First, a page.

The defenders of the conventional wisdom might say that this message was Davis blowing off steam at the failure of intervention. If so, the failure is from the first, a failure to even enter grounds of discussion where this could be feasible.

(Note also, prior to Davis's message, a representative entered a motion - referred to committee - to recall all Confederate commissioners from abroad.)

What we are seeing here is not exasperation that a single military roll of the dice went against one side. In his January 1863 message, Davis was washing his hands of the Europeans (and his Congress is favorable to that) after a string of offenses. He has observed the effects of their policies from the beginning and judged them passively hostile. He is fed up with what has been going on for a long time.

The French initiative then, in the general context, appears as a fluke and Davis seems to give it no consideration for success.

Readers should walk the timeline.

Davis's message was surely in preparation during December of 1862, at the latest. So too, the congressional measure that would have recalled commissioners.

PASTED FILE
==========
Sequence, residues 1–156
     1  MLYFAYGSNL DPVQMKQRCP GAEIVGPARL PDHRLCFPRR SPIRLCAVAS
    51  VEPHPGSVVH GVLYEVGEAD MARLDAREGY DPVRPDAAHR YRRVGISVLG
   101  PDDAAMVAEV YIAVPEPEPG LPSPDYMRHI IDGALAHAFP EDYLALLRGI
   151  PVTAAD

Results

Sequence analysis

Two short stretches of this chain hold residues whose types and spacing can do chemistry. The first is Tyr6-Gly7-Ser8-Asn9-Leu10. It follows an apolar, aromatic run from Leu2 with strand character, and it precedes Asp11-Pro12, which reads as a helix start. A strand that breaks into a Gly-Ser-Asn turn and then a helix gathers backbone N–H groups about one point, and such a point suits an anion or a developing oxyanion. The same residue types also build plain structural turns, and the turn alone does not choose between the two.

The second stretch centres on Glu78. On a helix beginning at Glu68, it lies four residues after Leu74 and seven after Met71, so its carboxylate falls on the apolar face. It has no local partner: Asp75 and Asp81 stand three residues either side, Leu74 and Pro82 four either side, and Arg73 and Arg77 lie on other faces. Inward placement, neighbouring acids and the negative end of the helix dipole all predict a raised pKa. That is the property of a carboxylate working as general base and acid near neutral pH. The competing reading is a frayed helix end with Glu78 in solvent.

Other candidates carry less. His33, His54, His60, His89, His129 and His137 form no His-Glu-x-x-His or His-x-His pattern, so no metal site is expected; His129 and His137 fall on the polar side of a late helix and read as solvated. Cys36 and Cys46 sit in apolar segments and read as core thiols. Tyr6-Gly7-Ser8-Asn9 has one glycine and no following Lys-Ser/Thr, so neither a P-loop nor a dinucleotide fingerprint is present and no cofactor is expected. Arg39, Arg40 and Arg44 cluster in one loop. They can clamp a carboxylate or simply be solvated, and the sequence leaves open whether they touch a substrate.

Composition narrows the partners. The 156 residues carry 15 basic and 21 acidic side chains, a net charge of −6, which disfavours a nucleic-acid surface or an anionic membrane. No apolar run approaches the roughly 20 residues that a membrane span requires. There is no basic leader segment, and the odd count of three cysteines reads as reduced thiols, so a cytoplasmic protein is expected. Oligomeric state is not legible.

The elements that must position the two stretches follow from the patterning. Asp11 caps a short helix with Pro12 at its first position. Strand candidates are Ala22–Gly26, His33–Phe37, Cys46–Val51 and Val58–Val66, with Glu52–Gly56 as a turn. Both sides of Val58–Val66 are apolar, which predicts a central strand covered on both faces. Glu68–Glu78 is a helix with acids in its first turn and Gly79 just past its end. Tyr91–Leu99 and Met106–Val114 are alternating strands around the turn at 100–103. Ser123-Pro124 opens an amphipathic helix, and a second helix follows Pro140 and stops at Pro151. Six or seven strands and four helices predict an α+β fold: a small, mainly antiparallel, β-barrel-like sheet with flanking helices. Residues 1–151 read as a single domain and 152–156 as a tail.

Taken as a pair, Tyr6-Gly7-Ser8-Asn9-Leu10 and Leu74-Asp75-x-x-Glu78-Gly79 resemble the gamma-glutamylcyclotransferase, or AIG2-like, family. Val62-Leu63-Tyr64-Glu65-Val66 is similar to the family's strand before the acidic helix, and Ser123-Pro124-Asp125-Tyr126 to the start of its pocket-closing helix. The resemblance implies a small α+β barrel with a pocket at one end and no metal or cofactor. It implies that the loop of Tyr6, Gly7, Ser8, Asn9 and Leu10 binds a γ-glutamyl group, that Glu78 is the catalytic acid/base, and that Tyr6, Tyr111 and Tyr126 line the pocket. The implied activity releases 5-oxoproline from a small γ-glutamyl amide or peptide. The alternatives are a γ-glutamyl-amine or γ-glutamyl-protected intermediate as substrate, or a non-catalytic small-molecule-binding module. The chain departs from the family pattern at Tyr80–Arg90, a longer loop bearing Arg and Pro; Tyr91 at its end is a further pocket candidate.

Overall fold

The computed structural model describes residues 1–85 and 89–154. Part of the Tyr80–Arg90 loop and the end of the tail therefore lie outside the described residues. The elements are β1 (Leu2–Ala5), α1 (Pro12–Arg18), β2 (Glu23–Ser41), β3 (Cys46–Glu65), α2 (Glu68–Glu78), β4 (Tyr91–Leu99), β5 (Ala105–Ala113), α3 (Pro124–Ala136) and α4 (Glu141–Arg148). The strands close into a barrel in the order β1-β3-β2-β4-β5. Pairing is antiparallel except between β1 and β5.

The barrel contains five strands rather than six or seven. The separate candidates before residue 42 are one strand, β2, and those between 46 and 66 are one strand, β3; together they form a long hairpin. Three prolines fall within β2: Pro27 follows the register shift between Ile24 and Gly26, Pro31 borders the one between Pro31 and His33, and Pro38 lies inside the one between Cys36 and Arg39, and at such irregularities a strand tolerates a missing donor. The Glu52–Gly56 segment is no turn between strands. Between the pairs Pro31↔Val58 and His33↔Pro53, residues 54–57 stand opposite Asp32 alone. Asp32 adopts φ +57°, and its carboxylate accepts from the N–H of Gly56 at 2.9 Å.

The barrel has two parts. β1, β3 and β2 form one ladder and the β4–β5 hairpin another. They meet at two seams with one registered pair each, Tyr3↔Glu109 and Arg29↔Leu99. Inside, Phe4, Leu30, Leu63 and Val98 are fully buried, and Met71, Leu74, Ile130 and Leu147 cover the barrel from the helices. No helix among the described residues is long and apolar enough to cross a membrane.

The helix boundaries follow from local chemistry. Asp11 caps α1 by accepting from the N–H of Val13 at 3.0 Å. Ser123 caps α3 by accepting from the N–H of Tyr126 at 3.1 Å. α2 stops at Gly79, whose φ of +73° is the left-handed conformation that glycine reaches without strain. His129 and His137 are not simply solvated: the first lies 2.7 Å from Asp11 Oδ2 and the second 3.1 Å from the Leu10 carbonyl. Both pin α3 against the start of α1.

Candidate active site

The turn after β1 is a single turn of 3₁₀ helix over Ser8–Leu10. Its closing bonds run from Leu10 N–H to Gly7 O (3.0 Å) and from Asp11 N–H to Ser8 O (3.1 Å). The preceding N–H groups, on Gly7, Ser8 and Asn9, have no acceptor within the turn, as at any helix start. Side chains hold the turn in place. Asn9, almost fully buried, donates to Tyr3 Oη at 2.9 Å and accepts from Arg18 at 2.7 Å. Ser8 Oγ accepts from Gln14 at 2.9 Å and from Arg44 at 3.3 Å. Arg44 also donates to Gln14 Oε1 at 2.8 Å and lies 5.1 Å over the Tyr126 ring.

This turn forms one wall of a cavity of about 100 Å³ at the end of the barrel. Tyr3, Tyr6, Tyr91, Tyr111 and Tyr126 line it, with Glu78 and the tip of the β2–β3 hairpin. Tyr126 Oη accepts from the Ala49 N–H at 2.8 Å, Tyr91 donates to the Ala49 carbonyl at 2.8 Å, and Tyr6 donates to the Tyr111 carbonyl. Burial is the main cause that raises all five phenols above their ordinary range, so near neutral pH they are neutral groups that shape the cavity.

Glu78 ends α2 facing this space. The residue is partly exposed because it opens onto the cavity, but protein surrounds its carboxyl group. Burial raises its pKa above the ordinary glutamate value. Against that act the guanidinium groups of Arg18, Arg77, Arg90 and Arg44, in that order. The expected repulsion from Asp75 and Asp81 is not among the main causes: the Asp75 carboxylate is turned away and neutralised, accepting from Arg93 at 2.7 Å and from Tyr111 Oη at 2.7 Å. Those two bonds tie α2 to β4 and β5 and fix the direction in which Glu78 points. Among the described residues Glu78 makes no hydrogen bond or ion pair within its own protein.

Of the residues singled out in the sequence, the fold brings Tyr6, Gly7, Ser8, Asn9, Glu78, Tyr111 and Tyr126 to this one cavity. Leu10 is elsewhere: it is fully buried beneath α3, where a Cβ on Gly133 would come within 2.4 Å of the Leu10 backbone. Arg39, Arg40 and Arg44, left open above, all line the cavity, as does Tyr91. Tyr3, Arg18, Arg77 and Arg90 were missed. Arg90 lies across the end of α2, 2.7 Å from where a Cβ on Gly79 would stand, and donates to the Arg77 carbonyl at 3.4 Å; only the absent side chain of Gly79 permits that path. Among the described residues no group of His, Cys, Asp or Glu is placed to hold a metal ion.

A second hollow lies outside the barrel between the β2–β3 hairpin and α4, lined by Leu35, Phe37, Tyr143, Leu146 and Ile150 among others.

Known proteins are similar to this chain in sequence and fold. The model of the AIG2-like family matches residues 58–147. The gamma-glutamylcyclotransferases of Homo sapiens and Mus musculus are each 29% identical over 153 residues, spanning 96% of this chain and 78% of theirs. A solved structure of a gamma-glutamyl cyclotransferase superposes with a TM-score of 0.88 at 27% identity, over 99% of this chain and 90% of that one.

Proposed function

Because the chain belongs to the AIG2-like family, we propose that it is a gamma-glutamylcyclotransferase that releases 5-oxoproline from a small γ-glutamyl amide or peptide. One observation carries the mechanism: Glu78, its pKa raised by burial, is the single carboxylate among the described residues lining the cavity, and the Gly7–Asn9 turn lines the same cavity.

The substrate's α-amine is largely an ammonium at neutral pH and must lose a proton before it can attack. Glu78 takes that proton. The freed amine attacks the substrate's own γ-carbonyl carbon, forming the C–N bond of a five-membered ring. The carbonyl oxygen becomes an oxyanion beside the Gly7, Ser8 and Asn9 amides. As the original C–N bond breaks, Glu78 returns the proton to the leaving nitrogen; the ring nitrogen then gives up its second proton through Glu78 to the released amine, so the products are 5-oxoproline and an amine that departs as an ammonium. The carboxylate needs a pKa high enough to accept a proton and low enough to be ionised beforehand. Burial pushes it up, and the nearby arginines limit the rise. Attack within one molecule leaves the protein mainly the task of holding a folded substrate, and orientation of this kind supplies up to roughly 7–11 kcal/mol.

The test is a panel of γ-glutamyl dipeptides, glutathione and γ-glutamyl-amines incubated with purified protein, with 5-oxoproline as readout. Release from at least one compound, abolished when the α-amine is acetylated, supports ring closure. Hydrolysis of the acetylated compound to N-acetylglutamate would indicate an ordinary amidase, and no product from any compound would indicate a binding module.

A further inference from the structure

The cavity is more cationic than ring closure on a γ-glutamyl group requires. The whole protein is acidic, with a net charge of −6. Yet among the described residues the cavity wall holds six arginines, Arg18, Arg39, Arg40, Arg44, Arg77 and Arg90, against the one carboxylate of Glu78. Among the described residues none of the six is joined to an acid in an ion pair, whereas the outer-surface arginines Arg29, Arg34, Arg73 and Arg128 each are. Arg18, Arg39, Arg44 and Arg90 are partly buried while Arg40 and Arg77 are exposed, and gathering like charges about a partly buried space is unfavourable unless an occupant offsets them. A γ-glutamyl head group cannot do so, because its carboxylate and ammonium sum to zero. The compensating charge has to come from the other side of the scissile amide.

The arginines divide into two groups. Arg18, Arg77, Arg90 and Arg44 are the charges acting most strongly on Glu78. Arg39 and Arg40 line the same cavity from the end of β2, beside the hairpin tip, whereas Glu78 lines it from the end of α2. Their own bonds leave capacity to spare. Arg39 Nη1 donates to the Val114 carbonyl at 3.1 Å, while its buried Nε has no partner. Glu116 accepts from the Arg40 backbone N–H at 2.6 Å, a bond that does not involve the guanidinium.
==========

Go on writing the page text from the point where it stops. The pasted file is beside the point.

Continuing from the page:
The idea that Davis or his Congress entertained hopes of European intervention in the second half of '62 appears to be unworkable.

Whatever fears the Union had for a peace initiative, it should not be read into the Confederate side.

Intervention looks to be a plot device concocted by talespinners to juice a story, especially that of the Maryland campaign.

p.s. Our friend Tim Reese in his last book did a fine job in tracking (unit by unit) the British Army force buildup in Canada during the ACW, esp. in the run-up to the Maryland campaign. Although the buildup can be roughly correlated to Seward-induced British tensions with the Union, they do not correlate to peace initiatives or discussions in Britain. The diplomatic histories make much of a high point for intervention in the fall of 1862. Its cresting wave was a proposed British cabinet meeting to discuss the matter. The sponsors of this discussion lost their nerve beforehand and it never even got that far. Attempts are made to connect Antietam with the decision to drop the cabinet approach but the whole issue is moot. Had the topic been broached in cabinet, it would have needed a consensus to move forward. Moving forward means deciding on the form of the peace initiative, and whether it would be backed by diplomatic threats to recognize the CSA or military force of some sort to start negotiations. Once those matters were decided, a proposal would have to be sold to Parliament and the French. I have felt that the time element and the moving political parts always made European intervention a false problem for ACW historians. The Davis letter to the CSA lower house moves us even farther away from the possibility of such a development.


The NYT notices a McPherson misdeed